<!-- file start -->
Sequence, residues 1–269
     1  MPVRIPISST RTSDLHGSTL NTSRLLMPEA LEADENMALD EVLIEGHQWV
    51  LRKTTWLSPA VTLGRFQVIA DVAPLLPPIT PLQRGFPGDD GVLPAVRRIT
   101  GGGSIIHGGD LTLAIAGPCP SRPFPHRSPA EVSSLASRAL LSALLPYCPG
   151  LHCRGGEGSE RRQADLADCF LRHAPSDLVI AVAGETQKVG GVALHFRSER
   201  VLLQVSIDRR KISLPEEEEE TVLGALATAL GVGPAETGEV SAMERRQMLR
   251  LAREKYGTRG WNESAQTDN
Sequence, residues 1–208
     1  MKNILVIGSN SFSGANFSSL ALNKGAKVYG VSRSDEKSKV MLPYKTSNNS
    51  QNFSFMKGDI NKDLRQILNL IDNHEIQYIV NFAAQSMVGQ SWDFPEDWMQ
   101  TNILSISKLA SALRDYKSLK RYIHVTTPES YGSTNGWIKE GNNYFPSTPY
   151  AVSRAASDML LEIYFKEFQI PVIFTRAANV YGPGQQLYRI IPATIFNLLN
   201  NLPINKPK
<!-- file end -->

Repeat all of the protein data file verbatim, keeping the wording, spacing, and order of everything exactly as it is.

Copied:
Sequence, residues 1–269
     1  MPVRIPISST RTSDLHGSTL NTSRLLMPEA LEADENMALD EVLIEGHQWV
    51  LRKTTWLSPA VTLGRFQVIA DVAPLLPPIT PLQRGFPGDD GVLPAVRRIT
   101  GGGSIIHGGD LTLAIAGPCP SRPFPHRSPA EVSSLASRAL LSALLPYCPG
   151  LHCRGGEGSE RRQADLADCF LRHAPSDLVI AVAGETQKVG GVALHFRSER
   201  VLLQVSIDRR KISLPEEEEE TVLGALATAL GVGPAETGEV SAMERRQMLR
   251  LAREKYGTRG WNESAQTDN
Sequence, residues 1–208
     1  MKNILVIGSN SFSGANFSSL ALNKGAKVYG VSRSDEKSKV MLPYKTSNNS
    51  QNFSFMKGDI NKDLRQILNL IDNHEIQYIV NFAAQSMVGQ SWDFPEDWMQ
   101  TNILSISKLA SALRDYKSLK RYIHVTTPES YGSTNGWIKE GNNYFPSTPY
   151  AVSRAASDML LEIYFKEFQI PVIFTRAANV YGPGQQLYRI IPATIFNLLN
   201  NLPINKPK